Paul Greengrass' Bloody Sunday puts you right in the midst of the 1972 massacre in Derry, Northern Ireland, and achieves a visceral impact close to the opening sequence of Saving Private Ryan. The thick brogues and jagged style make it difficult to sort out the political issues, however. Ivan Strasburg's cinematography is strikingly rough and desaturated…Another piece of Irish political theatre is provided by Peter Mullan's The Magdalene Sisters, which catalogues of horrors of laundries run by Catholic nuns and staffed by "wayward" women held in conditions of virtual slavery. This crudely powerful film, set in the 1960s, is shot by Nigel Willoughby


The Man Without a Past

The best thing about Finnish director Aki Kaurismaki's The Man Without a Past is DP Timo Salminen's vibrant color palette (dig those azure skies). Otherwise, Kaurismaki's droll telling of a story about an amnesia victim is a matter of taste, verging on the cutesy…Perhaps the best festival film so far is Jean-Pierre and Luc Dardenne's The Son, a tightly focused yet emotionally supple exploration of the bond between a Belgian carpenter (Cannes Best Actor winner Olivier Gourmet) and his teenage apprentice, a possibly reformed murderer. What the older man knows that the younger doesn't: the boy's victim was his son. There's nothing overtly showy in DP Alain Marcoen's camerawork, but it does a remarkable job of keeping the viewer close to Gourmet's conflicted character.--JC

Heard From Paris: Certainly gathering no moss, Rolling Stones lighting designer Patrick Woodroffe has left Mick Jagger and the boys in the capable hands of lighting directors Ethan Weber and Jim Straw. Taking a break from the world of rock and roll, Woodroffe has jetted off to Paris, France, where he is designing the lighting for an opera production, a double bill of Schoenberg's Erwartung and Poulenc's La Voix Humaine, starring diva Jessye Norman at the Theatre de Chatelet. Directed by Andre Heller, with sets by Mimmo Paladino, the production will be seen on October 5, 9, and 13.--Ellen Lampert Gréaux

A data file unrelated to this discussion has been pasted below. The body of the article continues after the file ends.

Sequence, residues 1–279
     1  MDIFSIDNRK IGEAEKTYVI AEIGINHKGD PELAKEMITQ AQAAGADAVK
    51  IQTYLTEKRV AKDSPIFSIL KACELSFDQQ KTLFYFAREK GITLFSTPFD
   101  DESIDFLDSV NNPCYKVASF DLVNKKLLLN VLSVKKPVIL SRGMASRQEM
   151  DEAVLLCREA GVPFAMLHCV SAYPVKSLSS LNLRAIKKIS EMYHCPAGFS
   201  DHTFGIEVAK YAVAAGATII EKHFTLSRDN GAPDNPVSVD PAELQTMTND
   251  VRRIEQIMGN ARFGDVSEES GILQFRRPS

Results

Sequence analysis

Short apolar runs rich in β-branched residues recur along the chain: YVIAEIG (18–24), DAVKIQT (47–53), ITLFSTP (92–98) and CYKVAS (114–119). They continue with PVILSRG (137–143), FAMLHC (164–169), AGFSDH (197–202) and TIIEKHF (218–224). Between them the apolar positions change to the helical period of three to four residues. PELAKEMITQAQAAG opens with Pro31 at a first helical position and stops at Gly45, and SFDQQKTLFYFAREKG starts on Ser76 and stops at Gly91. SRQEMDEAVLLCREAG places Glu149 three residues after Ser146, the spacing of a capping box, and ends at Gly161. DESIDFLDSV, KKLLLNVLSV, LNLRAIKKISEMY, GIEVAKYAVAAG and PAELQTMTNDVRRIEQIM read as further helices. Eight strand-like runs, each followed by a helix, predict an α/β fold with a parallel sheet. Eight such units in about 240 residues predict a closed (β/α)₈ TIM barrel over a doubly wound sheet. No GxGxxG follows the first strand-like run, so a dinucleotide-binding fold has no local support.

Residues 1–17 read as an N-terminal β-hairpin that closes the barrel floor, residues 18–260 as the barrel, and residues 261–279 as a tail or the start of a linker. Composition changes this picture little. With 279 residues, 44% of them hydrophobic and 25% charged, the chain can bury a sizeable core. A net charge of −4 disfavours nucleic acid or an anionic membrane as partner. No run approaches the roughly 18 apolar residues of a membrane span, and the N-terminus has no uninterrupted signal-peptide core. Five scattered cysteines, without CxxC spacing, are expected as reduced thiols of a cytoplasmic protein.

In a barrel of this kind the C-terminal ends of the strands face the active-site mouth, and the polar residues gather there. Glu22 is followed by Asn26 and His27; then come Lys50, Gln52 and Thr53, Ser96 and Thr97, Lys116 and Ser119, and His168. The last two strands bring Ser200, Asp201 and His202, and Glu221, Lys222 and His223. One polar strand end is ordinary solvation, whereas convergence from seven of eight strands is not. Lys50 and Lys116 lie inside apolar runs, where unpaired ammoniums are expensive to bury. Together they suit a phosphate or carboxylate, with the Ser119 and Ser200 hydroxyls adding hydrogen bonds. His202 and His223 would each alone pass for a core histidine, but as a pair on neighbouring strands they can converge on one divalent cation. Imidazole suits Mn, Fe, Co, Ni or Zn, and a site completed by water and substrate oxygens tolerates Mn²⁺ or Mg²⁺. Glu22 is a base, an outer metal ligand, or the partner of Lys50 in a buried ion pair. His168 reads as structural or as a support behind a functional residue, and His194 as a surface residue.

Heard From Brooklyn: San Francisco-based sound designer Bill Fontana currently has a large urban installation in DUMBO, the hot Brooklyn neighborhood "Down Under the Manhattan Bridge Overpass." The project is set in the ruins of a Civil War-era tobacco warehouse, where there is no longer a roof and the 19th-century brick walls are open to the sky and views of the river. Since Fontana was not allowed to attach anything to these walls, he installed eight Meyer Sound Parabolic directional loudspeakers on the roof of an adjacent building. "The speakers are the size of spot lights," says Fontana, whose soundscape ranges from sounds of the nearby bridges to the noises of the harbor environment. Organized by the Manhattan-based organization Creative Time, the installation will be in place through October 27 (Thursdays through Sundays) in conjunction with an exhibit entitled "Consuming Places," on art, technology, and urbanism.--ELG

Seen in Quimper: French lighting designer Pierre Nègre of L'Atelier Lumière in Grenoble has illuminated the cathedral in the city of Quimper, using over 250 automated luminaires, including fixtures from Clay Paky and Griven with a Martin ProScenium control system. The lighting design adds soft layers of color to the interior and exterior of the building, highlighting the colors of the stained glass windows and the texture of the stone. With the Martin computerized control system, Nègre can check in from his office in Grenoble and make sure all is running correctly over in Quimper.--ELG

Burn This photo: Susan Johann

Butter and Egg Man photo: Carol Rosegg